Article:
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  • Borowski?

    Indians miss dependable Borowski
    Stability at back end of bullpen lacking since closer got hurt
    By Anthony Castrovince /

    Barring a setback, closer Joe Borowski is expected back by the end of the week, if not before. (Mark Duncan/AP)
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    CINCINNATI -- When Joe Borowski was placed on the 15-day disabled list a month ago, the Indians made it clear that he'd be reinstated as the closer upon his return from a right triceps strain.
    Perhaps now we have a better understanding of why. Nobody has stepped up to definitively claim Borowski's ninth-inning role.

    Rafael Betancourt converted four-of-five save opportunities, but in addition to the one blown save he also had two blown ties and an appearance against the A's on Thursday in which he was pulled one out into the ninth inning.

    Then Masa Kobayashi appeared to have the upper hand on the closer's reigns, right up until he served up a three-run homer to Adam Dunn for a blown save in Saturday's 4-2 loss to the Reds.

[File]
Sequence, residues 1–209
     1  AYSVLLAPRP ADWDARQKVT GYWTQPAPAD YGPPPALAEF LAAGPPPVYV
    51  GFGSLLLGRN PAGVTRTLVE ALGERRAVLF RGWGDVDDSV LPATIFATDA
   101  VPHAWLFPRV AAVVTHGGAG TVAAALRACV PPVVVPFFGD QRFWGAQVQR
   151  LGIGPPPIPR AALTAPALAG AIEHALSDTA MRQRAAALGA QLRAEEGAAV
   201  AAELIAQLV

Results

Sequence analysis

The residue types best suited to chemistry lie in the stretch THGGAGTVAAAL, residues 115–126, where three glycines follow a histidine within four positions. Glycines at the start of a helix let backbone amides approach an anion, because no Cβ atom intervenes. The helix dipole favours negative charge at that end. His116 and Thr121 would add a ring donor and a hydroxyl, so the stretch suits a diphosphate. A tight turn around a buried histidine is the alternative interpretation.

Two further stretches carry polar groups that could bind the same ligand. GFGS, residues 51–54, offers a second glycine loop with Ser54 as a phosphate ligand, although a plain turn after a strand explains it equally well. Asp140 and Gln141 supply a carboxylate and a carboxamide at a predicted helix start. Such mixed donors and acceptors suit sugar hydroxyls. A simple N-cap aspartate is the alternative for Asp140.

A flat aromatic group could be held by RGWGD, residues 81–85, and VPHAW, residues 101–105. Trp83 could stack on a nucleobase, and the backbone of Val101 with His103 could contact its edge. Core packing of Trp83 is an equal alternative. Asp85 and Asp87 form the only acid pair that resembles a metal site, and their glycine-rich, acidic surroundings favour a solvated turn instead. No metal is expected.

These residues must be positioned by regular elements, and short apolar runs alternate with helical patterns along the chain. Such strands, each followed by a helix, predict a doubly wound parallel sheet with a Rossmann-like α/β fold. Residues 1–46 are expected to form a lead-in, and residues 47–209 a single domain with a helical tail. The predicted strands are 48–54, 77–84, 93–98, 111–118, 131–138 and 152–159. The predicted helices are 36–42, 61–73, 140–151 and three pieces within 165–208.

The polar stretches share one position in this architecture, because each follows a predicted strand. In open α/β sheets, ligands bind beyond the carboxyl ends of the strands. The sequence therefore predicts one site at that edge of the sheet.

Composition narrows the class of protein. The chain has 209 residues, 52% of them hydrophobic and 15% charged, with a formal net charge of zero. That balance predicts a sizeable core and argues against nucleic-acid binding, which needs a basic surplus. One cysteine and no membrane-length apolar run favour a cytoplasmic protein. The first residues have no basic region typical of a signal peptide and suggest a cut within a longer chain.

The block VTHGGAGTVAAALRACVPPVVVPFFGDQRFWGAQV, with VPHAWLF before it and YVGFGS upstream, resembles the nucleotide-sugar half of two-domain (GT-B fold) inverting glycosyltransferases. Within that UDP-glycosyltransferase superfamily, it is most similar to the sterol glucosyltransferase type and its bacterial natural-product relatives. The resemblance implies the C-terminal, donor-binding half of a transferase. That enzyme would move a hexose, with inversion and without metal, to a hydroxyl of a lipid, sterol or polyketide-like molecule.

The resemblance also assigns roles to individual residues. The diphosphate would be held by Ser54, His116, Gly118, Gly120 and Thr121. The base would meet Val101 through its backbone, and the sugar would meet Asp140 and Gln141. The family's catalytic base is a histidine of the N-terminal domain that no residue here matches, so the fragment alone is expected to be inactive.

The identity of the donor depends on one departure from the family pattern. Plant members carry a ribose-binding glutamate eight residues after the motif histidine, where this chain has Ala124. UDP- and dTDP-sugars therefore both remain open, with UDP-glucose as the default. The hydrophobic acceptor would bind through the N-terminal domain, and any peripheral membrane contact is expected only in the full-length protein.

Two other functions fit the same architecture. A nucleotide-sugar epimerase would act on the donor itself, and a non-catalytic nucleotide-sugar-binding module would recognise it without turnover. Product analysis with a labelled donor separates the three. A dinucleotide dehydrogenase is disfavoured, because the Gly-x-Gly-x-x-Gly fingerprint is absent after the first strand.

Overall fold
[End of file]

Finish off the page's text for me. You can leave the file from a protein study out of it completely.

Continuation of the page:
Jensen Lewis was named one of four closing candidates Friday, just hours before he gave up the go-ahead run in a 4-3 loss.

    Left-hander Rafael Perez is the last of those closing candidates, but he's been used more for lefty-on-lefty matchups.

    The Indians should have Borowski back any day now. He's scheduled to throw one inning for Class A Lake County in his first rehab appearance Monday in Eastlake, Ohio.

    The plan, for now, is for Borowski to make a second rehab appearance Wednesday and join the Tribe at the end of the week. But given the tumultuous situation in the back end of the Tribe's bullpen, don't be shocked if he's back sooner.

    In the meantime, manager Eric Wedge, then, went into Sunday's series finale with the Reds not knowing who he'd turn to in a save situations.

    "We're just going to have to see how we get there," Wedge said. "We'll see who we use to get to that position and go from there."

    On Friday, Wedge was hesitant to name Kobayashi his new closer, even after the Japanese right-hander had stepped up and relieved Betancourt in the ninth inning of Thursday's 4-2 win. Saturday's result was a demonstration of why Wedge didn't want to designate Kobayashi in such a manner.

    "You compound [the problem] by getting out there and naming somebody [the closer], then having to pull back," Wedge said. "We'll just take it day by day."

    I guess the Indians miss his unique method of blowing saves......

    You can't sit on a lead and run a few plays into the line and just kill the clock. You've got to throw the ball over the $%#%! plate and give the other man his chance. That's why baseball is the greatest game of them all. ~Earl Weaver

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